Certainly, both projects were therapeutic—and ironic. My own 15-year relationship with another man had ended badly, and I was a mess as a result. It took me about a year to recover. Fully? Does anyone who survives the dissolution of a long-term relationship ever fully recover?

When I entered Newberry College as a freshman, I aspired to become a Lutheran minister. That goal lasted until the end of my sophomore year, when I had to declare a major.

Fast-forward from 1976 to 1999, when I was busily applying the finishing touches to Witness. Something clicked as I interviewed ministers whose churches were located in all regions of the United States.

I found I no longer believed.

In God, I mean.

Whew! I said it!

A gay man whose thoughts were included in Moving On said that it was, for him, harder to come out as an atheist than it was to come out as gay.

He’s right. In fact, far more Americans would rather see a gay man or lesbian woman in the White House than an atheist.

I have endured the race from youth, to young adulthood, to middle-age, and now I’ve taken a tentative step into late adulthood. During that journey, I changed paths a bit. I earned a doctorate in psychology (though it took 10 years to do it!). Still, my first love is writing and reading. I’ve kept at it. I will keep at it, I suspect, until I take my last breath at the age of 120.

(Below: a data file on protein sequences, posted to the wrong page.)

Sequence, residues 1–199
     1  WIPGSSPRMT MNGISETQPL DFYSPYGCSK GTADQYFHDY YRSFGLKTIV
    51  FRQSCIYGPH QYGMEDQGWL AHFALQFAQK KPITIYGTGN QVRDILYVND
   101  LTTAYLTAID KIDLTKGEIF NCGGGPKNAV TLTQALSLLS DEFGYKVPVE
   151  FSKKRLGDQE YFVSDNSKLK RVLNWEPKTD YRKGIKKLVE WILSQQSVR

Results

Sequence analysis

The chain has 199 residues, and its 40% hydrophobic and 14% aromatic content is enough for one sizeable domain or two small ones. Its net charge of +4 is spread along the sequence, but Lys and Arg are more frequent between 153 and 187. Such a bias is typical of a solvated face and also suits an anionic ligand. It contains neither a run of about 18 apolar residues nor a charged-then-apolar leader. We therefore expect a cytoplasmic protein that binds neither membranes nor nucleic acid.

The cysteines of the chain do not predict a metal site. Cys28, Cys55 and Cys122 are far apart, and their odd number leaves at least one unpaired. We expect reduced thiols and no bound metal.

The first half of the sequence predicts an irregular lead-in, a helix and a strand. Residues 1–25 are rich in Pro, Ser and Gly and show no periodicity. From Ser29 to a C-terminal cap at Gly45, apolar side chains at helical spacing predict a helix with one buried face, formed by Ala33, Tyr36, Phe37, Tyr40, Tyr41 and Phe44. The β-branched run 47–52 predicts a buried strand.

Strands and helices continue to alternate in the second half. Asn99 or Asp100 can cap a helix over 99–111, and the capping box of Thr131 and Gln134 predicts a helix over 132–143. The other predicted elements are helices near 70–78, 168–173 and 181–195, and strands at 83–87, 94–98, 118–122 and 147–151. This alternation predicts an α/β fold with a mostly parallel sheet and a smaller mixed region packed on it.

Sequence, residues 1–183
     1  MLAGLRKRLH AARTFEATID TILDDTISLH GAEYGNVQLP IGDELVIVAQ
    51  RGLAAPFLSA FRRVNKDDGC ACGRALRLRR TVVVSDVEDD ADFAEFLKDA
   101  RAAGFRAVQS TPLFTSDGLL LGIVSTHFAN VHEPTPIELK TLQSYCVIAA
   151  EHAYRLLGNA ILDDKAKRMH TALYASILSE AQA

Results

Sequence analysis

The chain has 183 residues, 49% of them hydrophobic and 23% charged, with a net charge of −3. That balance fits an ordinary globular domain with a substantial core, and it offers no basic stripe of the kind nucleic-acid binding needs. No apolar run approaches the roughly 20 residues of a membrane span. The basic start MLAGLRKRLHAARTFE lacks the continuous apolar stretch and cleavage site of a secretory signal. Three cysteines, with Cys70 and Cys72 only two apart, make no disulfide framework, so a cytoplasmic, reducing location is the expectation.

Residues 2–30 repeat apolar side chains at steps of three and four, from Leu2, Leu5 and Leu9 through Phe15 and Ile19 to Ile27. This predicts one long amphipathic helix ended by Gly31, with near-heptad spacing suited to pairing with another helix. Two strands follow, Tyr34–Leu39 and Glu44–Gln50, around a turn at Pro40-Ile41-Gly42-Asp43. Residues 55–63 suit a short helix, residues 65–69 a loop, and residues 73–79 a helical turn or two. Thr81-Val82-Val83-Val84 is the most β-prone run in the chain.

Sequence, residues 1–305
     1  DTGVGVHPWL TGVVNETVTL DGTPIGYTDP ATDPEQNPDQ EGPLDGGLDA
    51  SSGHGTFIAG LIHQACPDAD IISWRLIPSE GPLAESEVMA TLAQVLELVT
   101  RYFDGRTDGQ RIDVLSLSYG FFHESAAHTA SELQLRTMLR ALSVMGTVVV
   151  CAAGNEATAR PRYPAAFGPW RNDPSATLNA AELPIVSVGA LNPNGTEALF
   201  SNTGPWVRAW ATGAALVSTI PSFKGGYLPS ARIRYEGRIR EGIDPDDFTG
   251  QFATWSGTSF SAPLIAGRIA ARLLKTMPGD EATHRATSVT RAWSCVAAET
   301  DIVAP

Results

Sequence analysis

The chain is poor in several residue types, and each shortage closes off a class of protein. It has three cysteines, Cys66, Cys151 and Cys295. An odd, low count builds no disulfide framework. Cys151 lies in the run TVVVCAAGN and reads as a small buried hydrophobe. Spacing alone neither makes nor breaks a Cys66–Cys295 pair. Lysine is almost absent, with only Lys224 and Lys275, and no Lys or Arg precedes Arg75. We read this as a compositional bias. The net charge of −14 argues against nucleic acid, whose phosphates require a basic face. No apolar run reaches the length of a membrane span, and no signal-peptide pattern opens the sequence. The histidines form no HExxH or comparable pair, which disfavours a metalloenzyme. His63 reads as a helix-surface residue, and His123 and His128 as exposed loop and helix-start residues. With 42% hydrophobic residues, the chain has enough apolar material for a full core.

But I won’t deny it. I feel the press of time, appreciating that I have far more years behind me than I probably do in front of me. With that realization, I began to self-publish. I didn’t want to spend so much time shopping my stuff from one editor to the next. I felt an urgency to get my writing out there, but there was a price to pay. I didn’t do the marketing and the promotion that needed to be done. So, most of the offerings you see on this site are self-published works (except for Witness and Moving On). While I will continue to self-publish certain titles (but with more involvement in their promotion), I have also decided to pursue opportunities with “traditional” (whatever the hell that means) publishing companies.

Here’s where I am now. I’ve finished another novel, and I’m seeking a home for it. I want this one to be published by a “traditional” publishing company. As I’ve gotten—well—more seasoned as a writer and as a person, I am eager to work with an editor again. I want the challenge of people who don’t mince words about the good and not-so-good characteristics of my writing, of my story-telling. I think I have skin thick enough to take it. (Psychology also helped me with that.)

Getting published, having readers and colleagues whom you respect weigh in on the quality of your work, even when their critiques are not all positive, is a rush. Holding that freaking new book, your book, in your hands—all of it, a wonderful rush.

I’m ready to feel that rush again.

Peace and love. Dann

Dann Hazel is a fiction and nonfiction writer and author whose work is inclusive of LGBTQ themes.

Dann Hazel

PO Box 3

Babson Park, FL 33827

Site last updated on May 07, 2020

  • w-facebook
  • Twitter Clean
  • w-googleplus